Fighting Sugar Cravings

Now that we have learned about sugar, specifically where it is found, and it’s potentially harmful effects on our bodies, how do we rid it from our diets? How do we deal with “sugar cravings”?

Kicking the sugar habit/addiction can be very difficult. Sugar affects all of the cells within the brain and can even mimic the neurochemical changes that occur during ingestion of certain drugs. Sugar is also associated as a reward, or a symbol of love. We often think of sugar as “comfort food” and crave sugar during times of stress, sadness, frustration, boredom, happiness, sadness…and on and on.

In order to beat sugar cravings, you have to be ready and armed with a structured plan. Listed below are just a few tips on how to cope with sugar cravings.

    1. Eat regularly: If you skip meals, your blood sugar can drop leaving you vulnerable and more likely to make poor food choices. 2. Incorporate protein into each meal: Protein helps keep blood sugar levels. Ingestion of sugars/carbs on the other hand cause rapid elevations and drops in blood sugar, which in turn, causes us to want to reach for MORE sugar. It’s a vicious cycle!
    3. Try replacing sugar (and even sugar substitutes) with natural spices/herbs: You can retrain your taste buds to be satisfied with less sugar by replacing sugar with spices such as cinnamon, nutmeg, and cloves. You will eventually learn to appreciate the true taste of foods without needing sweeteners.
    4. Read food label and be familiar with terminology: Remember, sugar comes in many forms and has many different names. Additives such as high fructose corn syrup, corn sugar, sucrose, dextrose, honey, agave, molasses, and turbinado sugar are ALL forms of sugar and should be avoided.
    5. Increase exercise: Studies show that exercise helps boost energy levels and diminish stress and tension, which may diminish that need for a “sugar fix”.
    6. Sleep: When we are tired or fatigued, we often look to sugar as a “pick-me-up”, when what we really need is adequate rest.
    7. Keep tempting foods out of sight: If you find certain foods to be a trigger, and near impossible to avoid, keep those foods out of sight…then hopefully out of mind. You may find this particularly helpful as you are starting out in your journey to a healthier lifestyle.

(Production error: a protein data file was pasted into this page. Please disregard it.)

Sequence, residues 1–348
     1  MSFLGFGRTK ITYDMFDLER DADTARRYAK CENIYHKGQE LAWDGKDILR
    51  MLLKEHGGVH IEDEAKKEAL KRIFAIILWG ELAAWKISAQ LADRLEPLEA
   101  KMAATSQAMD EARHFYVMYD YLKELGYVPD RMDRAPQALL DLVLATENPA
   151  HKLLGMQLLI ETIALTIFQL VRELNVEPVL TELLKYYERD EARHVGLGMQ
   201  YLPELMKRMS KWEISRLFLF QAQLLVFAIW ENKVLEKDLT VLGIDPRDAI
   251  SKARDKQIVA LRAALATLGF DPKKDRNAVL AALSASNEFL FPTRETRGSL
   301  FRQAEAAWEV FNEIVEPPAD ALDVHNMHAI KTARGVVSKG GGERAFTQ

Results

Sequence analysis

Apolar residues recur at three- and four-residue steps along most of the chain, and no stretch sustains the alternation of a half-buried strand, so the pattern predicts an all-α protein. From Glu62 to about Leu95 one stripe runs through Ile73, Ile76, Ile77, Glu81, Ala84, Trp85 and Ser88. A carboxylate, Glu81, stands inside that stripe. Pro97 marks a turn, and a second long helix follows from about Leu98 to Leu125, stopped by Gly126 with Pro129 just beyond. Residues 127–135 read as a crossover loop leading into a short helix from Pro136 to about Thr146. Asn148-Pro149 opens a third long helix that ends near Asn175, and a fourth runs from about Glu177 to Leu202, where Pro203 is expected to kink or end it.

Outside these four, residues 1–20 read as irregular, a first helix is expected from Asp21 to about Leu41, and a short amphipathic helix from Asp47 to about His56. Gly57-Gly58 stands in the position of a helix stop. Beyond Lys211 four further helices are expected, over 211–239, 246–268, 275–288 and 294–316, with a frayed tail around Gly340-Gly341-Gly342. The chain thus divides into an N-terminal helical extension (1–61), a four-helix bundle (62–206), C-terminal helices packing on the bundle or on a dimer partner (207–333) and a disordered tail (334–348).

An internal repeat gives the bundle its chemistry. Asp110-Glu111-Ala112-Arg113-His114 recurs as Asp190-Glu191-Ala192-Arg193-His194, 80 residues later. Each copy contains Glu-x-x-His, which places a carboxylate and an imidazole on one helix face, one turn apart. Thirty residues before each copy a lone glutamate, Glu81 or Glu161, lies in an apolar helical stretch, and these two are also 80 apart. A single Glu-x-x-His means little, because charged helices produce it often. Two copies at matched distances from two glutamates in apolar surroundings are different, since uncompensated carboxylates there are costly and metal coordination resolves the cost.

8. Drink plenty of water: Many times what we think may be a sugar or food craving, is actually thirst. Try filling up on water or other low calorie/non carbonated beverages.
    9. Be mindful of emotions: Oftentimes we look to sugar (comfort foods) to meet an emotional need that isn’t being met. Try keeping a journal and record not only what you are eating, but why you feel you are eating. Look for those connections to help you determine if you are, in fact, “emotionally eating”.
    10. Distraction: The craving strikes and it is near impossible to resist. What do you do? Studies show that cravings usually only last 10-20 minutes and then subside. Try setting a timer for 15 minutes when the craving hits and engage in some other activity that you find enjoyable, or that provides you comfort. Read a book, go for a walk, or call a friend. If you can distract yourself, the craving should pass. The more you learn to do this, the easier it will become. This is how healthy habits are formed.
    11. Follow up: Remember, we at Tri-State recognize that sugar cravings/addictions are real. Please let us know if you are struggling so we can provide you with the appropriate help. We offer support groups, as well as behavioral therapy with our psychiatrist Dr. Allison. Follow up is key!
Michel Gunn

Michel Gunn

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